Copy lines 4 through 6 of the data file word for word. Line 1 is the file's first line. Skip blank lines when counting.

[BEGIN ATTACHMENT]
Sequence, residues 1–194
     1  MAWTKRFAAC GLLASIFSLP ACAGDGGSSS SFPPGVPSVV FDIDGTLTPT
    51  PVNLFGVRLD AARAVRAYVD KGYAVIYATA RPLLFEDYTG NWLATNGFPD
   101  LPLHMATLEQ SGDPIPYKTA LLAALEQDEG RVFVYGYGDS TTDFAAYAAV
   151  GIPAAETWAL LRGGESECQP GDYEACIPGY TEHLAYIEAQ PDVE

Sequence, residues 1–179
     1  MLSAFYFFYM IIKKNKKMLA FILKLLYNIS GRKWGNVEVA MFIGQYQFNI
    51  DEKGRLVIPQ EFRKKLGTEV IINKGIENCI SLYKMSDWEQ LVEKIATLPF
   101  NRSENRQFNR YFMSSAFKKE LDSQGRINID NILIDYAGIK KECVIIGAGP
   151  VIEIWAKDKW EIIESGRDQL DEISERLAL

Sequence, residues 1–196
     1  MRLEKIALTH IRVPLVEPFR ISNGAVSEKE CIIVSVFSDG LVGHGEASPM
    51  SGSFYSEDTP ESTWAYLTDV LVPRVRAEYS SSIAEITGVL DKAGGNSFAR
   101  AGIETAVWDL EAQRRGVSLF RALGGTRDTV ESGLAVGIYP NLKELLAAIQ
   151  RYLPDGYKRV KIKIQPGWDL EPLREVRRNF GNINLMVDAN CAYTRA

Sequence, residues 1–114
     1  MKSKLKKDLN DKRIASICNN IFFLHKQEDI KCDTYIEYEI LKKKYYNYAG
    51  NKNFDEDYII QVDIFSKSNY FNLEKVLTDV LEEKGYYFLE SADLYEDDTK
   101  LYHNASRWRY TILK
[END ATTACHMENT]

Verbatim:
   101  LPLHMATLEQ SGDPIPYKTA LLAALEQDEG RVFVYGYGDS TTDFAAYAAV
   151  GIPAAETWAL LRGGESECQP GDYEACIPGY TEHLAYIEAQ PDVE

Sequence, residues 1–179